“This was acceptable in the event the machine could process thousands of wire at one time and run for hours from the initial set-up,” adds Olsen. “However, when a customer would want to run a few hundred pieces and alter to a different job, that volume of change-after a while negates productivity.”
With quick-change carts, sensors that track wire core size, and all servo-driven technology, fully automatic machines might be set up in a matter of seconds vs. minutes. Most new-generation machines in addition provide built-in quality checking features, which is necessary for wire harness shops doing automotive-related applications.
“These kinds of customers are searching for machines that provide the best variety of fully integrated quality checks,” says Moeri. “We offer equipment where operators begin with downloading ‘jobs’ from a business resource planning system and view material with the machine by using a bar code scanner for process verification.
“Product quality concerns could be addressed by automatic crimp height measurements, crimp height adjustments, pull-force monitors and seal position analyzers,” Moeri highlights. “Afterwards, they can search for feedback in the product created by automatically uploading critical information back to the ERP system. That addresses traceability issues.”
User-friendly controls and software help to make everything that possible. As an illustration, Schleuniger Inc.’s new CrimpCenter 36 S boasts efficient motor programming and internal Ethernet communication in addition to a maximum feed rate of 8 meters per second. Additionally, it incorporates a touch-screen monitor and intuitive operating software.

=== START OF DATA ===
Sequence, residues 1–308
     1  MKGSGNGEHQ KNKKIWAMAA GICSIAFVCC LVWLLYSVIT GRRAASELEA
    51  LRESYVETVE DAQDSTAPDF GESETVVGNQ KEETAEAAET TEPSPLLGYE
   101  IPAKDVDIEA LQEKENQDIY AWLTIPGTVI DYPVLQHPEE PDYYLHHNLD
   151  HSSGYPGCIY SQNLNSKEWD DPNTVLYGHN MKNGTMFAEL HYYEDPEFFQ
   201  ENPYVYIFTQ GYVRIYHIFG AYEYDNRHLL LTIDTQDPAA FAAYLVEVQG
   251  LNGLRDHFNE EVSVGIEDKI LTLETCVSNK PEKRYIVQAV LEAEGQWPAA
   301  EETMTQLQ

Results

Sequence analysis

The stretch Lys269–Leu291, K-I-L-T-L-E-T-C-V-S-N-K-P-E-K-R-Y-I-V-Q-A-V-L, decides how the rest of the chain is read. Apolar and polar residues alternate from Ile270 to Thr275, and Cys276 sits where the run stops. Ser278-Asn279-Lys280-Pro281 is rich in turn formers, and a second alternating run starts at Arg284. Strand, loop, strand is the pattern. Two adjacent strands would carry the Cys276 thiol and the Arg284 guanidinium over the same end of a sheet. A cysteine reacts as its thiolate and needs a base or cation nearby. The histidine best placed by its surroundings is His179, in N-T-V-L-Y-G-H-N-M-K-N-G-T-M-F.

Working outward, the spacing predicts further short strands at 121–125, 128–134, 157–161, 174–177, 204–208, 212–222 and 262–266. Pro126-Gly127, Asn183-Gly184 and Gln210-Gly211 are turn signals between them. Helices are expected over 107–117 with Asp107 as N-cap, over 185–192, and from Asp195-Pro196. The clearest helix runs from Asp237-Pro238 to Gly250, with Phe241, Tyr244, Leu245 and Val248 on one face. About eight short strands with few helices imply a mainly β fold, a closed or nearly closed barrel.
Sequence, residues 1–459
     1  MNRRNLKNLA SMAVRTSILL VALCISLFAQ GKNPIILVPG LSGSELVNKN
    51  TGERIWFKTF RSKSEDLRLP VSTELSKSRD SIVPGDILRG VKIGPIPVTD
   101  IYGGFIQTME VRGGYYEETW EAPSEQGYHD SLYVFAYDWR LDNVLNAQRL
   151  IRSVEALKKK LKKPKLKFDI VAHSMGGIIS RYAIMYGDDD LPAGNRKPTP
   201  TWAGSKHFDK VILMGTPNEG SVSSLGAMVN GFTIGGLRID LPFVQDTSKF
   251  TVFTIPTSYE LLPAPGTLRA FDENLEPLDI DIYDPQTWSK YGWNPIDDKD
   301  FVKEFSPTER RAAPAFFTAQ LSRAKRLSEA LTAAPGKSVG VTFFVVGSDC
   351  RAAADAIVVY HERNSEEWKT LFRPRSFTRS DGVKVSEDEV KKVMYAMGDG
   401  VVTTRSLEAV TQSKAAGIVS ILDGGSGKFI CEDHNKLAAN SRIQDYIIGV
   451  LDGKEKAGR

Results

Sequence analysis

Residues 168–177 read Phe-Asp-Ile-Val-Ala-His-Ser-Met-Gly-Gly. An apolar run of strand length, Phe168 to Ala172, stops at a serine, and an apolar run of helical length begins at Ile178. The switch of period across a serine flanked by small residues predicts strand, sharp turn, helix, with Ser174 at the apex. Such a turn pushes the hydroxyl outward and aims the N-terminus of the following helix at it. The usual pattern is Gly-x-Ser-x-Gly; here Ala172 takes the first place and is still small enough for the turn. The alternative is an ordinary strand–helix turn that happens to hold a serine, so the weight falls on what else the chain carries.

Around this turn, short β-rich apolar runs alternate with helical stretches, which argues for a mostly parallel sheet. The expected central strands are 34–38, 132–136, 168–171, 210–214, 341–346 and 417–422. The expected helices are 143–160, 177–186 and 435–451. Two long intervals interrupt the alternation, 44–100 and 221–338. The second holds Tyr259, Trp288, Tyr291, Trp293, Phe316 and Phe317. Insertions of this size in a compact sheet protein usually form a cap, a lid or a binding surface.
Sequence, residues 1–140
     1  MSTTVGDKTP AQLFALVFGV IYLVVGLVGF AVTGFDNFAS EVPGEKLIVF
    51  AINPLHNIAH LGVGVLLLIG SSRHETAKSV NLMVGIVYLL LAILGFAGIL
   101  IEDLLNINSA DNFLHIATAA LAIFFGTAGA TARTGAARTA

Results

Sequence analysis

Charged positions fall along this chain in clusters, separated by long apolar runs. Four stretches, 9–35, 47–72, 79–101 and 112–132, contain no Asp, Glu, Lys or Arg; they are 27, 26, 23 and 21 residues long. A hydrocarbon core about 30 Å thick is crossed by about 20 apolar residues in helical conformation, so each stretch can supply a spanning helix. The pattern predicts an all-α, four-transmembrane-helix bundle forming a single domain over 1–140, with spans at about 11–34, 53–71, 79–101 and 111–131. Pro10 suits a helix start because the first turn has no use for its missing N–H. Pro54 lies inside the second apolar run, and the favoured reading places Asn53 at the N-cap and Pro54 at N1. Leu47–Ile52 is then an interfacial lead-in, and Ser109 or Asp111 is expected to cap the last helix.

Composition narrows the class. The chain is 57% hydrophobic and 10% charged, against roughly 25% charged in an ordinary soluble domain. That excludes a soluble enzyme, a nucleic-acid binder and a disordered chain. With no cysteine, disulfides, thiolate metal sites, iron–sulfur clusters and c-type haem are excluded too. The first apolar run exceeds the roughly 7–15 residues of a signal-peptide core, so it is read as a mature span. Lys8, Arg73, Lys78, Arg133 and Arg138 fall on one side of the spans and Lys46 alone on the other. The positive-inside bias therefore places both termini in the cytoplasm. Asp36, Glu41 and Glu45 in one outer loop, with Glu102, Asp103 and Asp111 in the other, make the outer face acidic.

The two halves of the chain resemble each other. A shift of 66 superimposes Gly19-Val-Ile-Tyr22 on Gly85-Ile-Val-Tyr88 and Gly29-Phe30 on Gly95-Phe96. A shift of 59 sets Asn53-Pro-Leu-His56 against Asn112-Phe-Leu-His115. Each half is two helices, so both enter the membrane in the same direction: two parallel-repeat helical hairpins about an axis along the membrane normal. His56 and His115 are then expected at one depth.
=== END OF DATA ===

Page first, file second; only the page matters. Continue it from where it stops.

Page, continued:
“The combination makes programming simple enough to ensure that even novice operators quickly feel comfortable,” says Gustavo Garcia-Cota, crimping product manager. “Standard TCP/IP protocol enables easy machine networking. The optional EASY ProductionServer software helps optimize order processing and allows engineers to monitor and gather valuable production data from practically anywhere in the world.”
As wire gets smaller and smaller, it will become harder to take care of. That may undoubtedly spur more investment in fully automatic equipment that could easily grip thin wire.
“Machines equipped with powerful servo motors and optimized programming from the process axes look after precise and fast motion sequences,” says Schwartz.
His company recently unveiled coax cable stripper that that could process wire no more than .08 millimeter squared.
“The Megomat 1000 has a unusually large array of wire cross sections which can be processed,” claims Schwartz. “It are prepared for up to AWG 8 wire. And, the arrangement of your cutting blades dexjpky35 for very short wire overhangs.”
A software-controlled, adjustable wire guide system eliminates the usage of tubes at the gripper. The programmable gripper jaw openings are automatically adjusted. “A large, two-side enabled swing radius of both gripper arms provides flexibility in realizing different applications,” says Schwartz.
However, regardless how much they embrace fully automatic equipment, most wire harness shops must have a few manual and semiautomatic machines accessible. Applications involving cables, large-gauge wire, twisted-pair leads and shielded wires still demand a few of those tools.